Top positive review
15 people found this helpful
on 30 March 2005
This is a fantastic book, telling the story of Basil D'Oliveira's desire to play cricket in the face of apparently insurmountable odds. It is a remarkable story: a triumph of will and talent in the face of adversity.
I am a little too young to remember the D'Oliveira affair clearly but this book does an excellent job of describing how he became an England cricketer and puts 'the affair' into the relevant political and cricket context.
The cricket first... as an ageing (now aged) cricket player and cricket fan I was struck by his amazing achievements on the cricket field. How in his thirties he came to England and was successful playing in the Lancashire leagues (having never played on a grass wicket before), how he made himself first a successful county player and then a successful test player at an age when most players have long since retired. I was also struck by the fact that we missed out on his best cricket years - if he had started his first class career when he should and given his ability to play under pressure, it is easy to believe that his achievements would be legendary. Furthermore, the book successfully explores and explodes the myth of South African cricket being a white only game. It is a tragedy (for cricket and South African sport in general) that D'Oliveira's contemporaries were denied the opportunity to play at the highest level.
The politics... the book does an excellent job describing the oppression in South Africa and the notion that sport and politics in South Africa could be separated is thoroughly debunked. A particularly chilling aspect of apartheid was how it brainwashed all its citizens, irrespective of race, into believing that it was normal. The problems Basil and his wife, Naomi, had in dealing with British culture (looking for 'their' train carriage or 'their' door) and their surprise and joy at the warmth with which they were greeted is very moving.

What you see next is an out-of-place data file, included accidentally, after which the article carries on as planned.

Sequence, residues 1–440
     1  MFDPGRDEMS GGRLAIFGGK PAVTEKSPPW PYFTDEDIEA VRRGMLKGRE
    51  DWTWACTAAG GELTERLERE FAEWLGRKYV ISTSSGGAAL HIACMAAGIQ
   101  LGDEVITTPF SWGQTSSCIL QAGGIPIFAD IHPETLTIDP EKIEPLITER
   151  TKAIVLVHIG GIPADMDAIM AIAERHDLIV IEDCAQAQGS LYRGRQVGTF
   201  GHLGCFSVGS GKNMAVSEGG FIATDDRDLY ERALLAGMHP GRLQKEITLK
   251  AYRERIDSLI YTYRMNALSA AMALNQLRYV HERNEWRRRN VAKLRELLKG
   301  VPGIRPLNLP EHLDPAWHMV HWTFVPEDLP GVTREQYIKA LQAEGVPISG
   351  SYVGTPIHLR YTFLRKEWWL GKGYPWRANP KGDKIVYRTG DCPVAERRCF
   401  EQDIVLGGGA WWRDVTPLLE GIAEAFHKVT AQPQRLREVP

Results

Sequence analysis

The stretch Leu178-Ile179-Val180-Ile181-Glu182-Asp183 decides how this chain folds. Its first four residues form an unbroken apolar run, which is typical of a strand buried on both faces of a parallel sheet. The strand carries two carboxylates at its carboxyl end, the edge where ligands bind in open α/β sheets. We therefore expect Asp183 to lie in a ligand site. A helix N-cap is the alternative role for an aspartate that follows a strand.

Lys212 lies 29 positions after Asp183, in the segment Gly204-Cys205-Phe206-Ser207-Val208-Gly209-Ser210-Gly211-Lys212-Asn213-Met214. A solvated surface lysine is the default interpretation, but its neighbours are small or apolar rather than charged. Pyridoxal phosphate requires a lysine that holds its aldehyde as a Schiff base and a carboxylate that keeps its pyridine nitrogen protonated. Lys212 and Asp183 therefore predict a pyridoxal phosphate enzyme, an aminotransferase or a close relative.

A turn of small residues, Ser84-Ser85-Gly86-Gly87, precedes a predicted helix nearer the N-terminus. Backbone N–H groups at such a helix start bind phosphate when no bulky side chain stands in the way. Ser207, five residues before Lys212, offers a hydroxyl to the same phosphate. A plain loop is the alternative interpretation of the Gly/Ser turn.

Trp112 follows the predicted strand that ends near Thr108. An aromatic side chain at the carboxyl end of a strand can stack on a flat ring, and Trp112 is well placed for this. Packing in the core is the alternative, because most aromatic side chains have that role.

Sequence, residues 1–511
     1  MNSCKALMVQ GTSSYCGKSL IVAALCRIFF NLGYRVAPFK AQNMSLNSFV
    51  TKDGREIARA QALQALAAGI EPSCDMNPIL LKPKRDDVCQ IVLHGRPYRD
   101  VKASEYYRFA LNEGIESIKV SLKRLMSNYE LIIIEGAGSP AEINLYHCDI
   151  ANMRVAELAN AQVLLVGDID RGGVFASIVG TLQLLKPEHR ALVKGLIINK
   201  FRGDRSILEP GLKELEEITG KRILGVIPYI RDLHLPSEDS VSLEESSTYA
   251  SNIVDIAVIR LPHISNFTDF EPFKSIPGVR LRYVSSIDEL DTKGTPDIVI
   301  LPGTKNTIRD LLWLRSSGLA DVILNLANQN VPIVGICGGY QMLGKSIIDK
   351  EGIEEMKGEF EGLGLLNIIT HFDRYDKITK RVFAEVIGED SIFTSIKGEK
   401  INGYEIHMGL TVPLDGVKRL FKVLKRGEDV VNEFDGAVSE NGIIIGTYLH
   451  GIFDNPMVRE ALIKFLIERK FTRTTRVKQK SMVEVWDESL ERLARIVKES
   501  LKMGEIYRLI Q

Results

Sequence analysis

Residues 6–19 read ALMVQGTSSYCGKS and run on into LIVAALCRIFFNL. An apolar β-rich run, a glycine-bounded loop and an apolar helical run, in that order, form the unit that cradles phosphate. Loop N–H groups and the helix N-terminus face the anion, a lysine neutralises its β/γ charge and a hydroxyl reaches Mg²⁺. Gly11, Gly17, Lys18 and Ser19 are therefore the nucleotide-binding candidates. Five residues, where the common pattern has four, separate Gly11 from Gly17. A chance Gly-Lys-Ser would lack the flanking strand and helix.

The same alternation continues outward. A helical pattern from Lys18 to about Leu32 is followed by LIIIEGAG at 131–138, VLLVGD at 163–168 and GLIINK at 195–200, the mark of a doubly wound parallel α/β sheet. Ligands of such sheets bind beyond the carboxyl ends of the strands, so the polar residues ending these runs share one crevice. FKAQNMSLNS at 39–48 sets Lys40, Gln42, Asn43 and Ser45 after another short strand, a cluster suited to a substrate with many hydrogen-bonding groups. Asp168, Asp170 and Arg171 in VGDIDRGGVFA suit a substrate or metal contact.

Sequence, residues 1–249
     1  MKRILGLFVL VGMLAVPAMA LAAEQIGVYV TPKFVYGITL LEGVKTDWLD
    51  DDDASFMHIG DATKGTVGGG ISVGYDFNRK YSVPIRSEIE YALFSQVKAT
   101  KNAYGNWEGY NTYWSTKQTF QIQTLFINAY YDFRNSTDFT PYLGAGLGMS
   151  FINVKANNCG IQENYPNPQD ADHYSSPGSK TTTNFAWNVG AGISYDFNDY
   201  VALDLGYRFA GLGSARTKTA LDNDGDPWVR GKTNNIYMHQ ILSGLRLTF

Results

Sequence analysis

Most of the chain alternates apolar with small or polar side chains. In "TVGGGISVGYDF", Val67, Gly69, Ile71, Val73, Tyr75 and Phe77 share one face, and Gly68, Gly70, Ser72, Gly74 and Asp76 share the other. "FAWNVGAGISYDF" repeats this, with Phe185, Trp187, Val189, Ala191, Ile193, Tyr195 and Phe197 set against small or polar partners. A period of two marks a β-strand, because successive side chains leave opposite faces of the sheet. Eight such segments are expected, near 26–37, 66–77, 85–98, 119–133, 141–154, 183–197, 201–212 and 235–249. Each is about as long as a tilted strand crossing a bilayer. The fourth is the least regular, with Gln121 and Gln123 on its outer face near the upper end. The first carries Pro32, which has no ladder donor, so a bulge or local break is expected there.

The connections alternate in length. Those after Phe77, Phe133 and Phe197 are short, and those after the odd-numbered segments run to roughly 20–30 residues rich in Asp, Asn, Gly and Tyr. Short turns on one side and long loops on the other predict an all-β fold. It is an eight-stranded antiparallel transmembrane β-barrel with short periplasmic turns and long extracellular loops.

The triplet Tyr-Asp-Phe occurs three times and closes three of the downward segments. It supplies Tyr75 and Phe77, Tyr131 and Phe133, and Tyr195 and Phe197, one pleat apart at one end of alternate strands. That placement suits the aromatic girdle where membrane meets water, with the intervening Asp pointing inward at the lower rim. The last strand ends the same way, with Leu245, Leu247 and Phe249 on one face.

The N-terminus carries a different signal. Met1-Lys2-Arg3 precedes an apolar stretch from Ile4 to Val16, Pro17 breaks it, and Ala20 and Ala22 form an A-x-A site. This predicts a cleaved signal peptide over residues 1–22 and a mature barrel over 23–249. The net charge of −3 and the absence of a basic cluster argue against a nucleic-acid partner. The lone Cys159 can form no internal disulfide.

The affair itself is handled well and comprehensively - the blatant untruths are identified and exposed and the cowardice and complicity of the English sporting authorities is revealed. Oborne avoids direct personal attacks and is actually quite sympathetic to Doug Insole (the chairman of selectors) although he clearly believes that Colin Cowdrey behaved appallingly.
There are also many heroes in the book. John Arlott emerges as a shining beacon of truth, justice and humanity; Tom Graveney and Ray Illingworth were very supportive; D'Oliveira's friends at home raised money they could ill afford to send him to England, Middleton cricket club should be very proud of the role they played.
This is one of the best sports books ever written. A book that should appeal to all cricket fans but equally has much to recommend it to people not particularly interested in cricket.